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How to transition from scales to songs.

realityfusionrealityfusion Enrolled Posts: 3
edited October 2012 in Ken Tamplin's Corner
So I have been gigging for over a year we generally play 2 shows a week on average. I started this course because I was blowing out my voice every night and I knew I was singing incorrectly which is why I dropped the dime and enrolled. My question is this, in practicing my throat is opening up becoming wide and transitions are happening smoothly, but when I start singing songs my throat and voice goes back to the same old business as usual. I have been making a conscious effort to maintain good posture, breathe correctly and relax but my voice doesn't seem to want to operate the same when singing songs as when doing scales. 

Any suggestions?


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    sspatricksspatrick Enrolled Posts: 1,278
    @ realityfusion, 

     that is a great question. I think everyone here has come up against that obstacle. Change doesn't happen over night. Think of the scales as your weightlifting for the voice, you are embedding and strengthening good technique which will become habit over time. Notice with the exercises you are only working vowels. To navigate through a sing you are dealing with consonants vowel modifications support issues. The list goes on. Check out kens webinars on application to singing. He breaks down a song and shows how to sing it easily and safely. Also check out any of the lesson demos, these may help open your eyes. It will take time, but you will see the technique start to work in your songs.  if you want to, post a demo, and we'd be happy to give you any specific advice that we can.  All the best
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    mquek7mquek7 Enrolled Posts: 4
    Hi Ken

      Thanks! I am busy uploading all the files now.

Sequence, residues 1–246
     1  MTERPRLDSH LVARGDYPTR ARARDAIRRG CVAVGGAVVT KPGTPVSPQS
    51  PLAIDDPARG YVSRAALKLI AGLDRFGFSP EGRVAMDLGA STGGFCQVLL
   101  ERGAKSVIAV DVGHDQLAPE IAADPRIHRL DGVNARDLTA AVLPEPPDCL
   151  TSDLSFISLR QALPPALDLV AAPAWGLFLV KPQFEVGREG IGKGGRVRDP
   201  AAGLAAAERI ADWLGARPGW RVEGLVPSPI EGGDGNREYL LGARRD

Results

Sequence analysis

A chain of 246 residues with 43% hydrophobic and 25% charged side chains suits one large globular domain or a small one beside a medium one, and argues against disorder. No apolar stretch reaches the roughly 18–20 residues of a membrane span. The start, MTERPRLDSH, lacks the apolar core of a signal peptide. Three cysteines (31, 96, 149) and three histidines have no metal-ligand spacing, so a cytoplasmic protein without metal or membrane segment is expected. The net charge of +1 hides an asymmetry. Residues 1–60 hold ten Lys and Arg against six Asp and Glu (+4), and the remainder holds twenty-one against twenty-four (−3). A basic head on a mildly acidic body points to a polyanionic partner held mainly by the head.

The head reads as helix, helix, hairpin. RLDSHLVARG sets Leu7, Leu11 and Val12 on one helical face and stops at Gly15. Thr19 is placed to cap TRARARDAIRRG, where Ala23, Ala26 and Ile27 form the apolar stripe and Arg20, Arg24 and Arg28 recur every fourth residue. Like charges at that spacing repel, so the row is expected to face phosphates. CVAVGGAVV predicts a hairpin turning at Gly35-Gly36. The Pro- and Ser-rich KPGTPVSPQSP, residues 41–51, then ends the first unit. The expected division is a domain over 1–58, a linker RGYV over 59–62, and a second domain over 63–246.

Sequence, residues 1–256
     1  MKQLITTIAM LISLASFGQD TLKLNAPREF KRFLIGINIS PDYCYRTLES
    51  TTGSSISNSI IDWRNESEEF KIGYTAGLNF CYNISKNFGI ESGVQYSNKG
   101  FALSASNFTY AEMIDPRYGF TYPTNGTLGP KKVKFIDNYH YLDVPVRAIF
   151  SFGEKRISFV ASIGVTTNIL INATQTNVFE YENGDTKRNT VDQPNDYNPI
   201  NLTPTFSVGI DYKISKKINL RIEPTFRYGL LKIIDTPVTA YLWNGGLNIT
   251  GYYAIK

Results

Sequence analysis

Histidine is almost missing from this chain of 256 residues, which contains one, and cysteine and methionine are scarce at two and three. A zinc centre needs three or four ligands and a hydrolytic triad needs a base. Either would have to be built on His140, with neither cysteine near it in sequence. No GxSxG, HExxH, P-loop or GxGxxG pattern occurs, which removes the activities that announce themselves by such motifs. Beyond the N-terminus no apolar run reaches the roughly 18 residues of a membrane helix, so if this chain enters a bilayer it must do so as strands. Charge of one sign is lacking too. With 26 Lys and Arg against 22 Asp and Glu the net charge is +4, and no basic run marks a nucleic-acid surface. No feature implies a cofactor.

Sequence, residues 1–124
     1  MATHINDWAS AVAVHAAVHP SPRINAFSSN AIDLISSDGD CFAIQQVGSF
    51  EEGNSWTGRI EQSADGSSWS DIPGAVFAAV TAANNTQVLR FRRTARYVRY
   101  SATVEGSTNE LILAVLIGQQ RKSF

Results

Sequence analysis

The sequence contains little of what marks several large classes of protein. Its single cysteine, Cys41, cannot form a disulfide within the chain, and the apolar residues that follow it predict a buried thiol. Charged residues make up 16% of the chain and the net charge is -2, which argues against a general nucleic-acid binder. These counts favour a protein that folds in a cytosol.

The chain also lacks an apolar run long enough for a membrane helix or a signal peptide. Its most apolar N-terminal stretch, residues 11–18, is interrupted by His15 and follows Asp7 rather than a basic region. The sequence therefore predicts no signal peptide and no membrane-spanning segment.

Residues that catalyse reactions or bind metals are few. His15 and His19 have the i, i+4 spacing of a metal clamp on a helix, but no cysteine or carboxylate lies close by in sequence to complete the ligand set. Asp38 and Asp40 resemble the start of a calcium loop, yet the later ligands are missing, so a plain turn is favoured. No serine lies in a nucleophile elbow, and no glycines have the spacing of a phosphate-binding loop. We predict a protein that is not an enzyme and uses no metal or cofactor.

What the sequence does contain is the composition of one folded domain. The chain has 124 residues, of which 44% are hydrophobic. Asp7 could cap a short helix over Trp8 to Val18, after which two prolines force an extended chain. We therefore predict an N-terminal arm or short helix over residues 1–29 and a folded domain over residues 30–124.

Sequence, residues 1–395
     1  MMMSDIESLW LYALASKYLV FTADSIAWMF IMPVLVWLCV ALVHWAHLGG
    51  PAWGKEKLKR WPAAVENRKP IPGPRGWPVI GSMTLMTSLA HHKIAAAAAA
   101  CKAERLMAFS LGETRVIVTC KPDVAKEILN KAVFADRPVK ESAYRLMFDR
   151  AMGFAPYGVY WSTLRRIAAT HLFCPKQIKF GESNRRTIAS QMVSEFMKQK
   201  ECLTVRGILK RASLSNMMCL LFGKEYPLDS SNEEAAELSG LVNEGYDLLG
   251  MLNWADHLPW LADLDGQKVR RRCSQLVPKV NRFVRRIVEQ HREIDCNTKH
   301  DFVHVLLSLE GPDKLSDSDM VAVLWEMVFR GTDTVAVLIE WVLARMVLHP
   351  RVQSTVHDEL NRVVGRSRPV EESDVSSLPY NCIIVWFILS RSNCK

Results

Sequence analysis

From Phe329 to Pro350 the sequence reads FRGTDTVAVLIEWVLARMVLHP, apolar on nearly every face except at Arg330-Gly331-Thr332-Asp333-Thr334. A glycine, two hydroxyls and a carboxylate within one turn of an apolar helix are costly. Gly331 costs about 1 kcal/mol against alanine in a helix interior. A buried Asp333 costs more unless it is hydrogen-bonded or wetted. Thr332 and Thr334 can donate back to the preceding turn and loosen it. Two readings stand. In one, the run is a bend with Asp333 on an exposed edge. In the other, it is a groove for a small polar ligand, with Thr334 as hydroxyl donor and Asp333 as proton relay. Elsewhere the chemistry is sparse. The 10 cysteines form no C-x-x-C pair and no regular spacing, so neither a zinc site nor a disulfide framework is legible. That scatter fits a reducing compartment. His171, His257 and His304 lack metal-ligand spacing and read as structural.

Also viewing the videos as much as I can before my two major performances this coming Saturday. Am quite worried actually.
      My major struggle is still song application. How do I apply the LAH technique to songs?

       Today, while rehearsing songs, I found that, through trial and error

    1) Breathe through mouth
    2) Engage diaphragmatic support
    3) Simultaneously using the LAH open throat word
    4) I had to wait for the tongue to flex the LAH and then rest on the bottom of the jaw BEFORE I emitted a tone to sing.

        I do not think too much about vowel modifications.

        If I did not do step 4, then the pitch will be compromised and I cannot reach those high notes.

       Is this correct? Really need a crash course of what REALLY can work and help me to make accelerated progress pronto for the Saturday gigs. Really appreciate your help. 

        Thank you and God bless!
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    highmtnhighmtn Administrator, Moderator, Enrolled, Pro, 3.0 Streaming Posts: 15,359
    edited November 2012


    The Webinars have been recorded and are available for download here on the KTVA Forums under the "WEBINARS" category.  If you get on the main Forum page, it's near the bottom of the forums.

    There you will find several posts.  Some discuss the Webinars, and Two posts in particular have LINKS to all the previous webinars.  When you click on those links you will have the option to download the webinars to your computer, or to try to stream them.  I recommend you download, for a better viewing experience.  Then you can watch them again later, as many times as you want. 

    The recordings are only available to Enrolled students.  Anyone can currently attend a Live KTVA webinar.  There will be one this Saturday, 12/01/12 at 10:00 AM Pacific Time on the topic of Pacing Your Live Performance.  (Here is the link to the upcoming Webinar: https://www.fuzemeeting.com/fuze/60f55bc4/17874635

     The Webinars have been getting progressively better and better.  I encourage all vocalists to participate in these sessions.  You may even have the opportunity to directly ask Ken a question and get your answer right there on the spot!

    The two threads in the Webinars Section you need to access are "Download Previous Webinars Part One" and "Download Webinars Part Two".   There is an incredible amount of detailed information available to you there that goes into further depth on top of what is covered in the KTVA Stages One, Two, and Three.  This is a dynamic, growing part of KTVA, that is fueled in part by many of the questions that come up here on the KTVA Forums.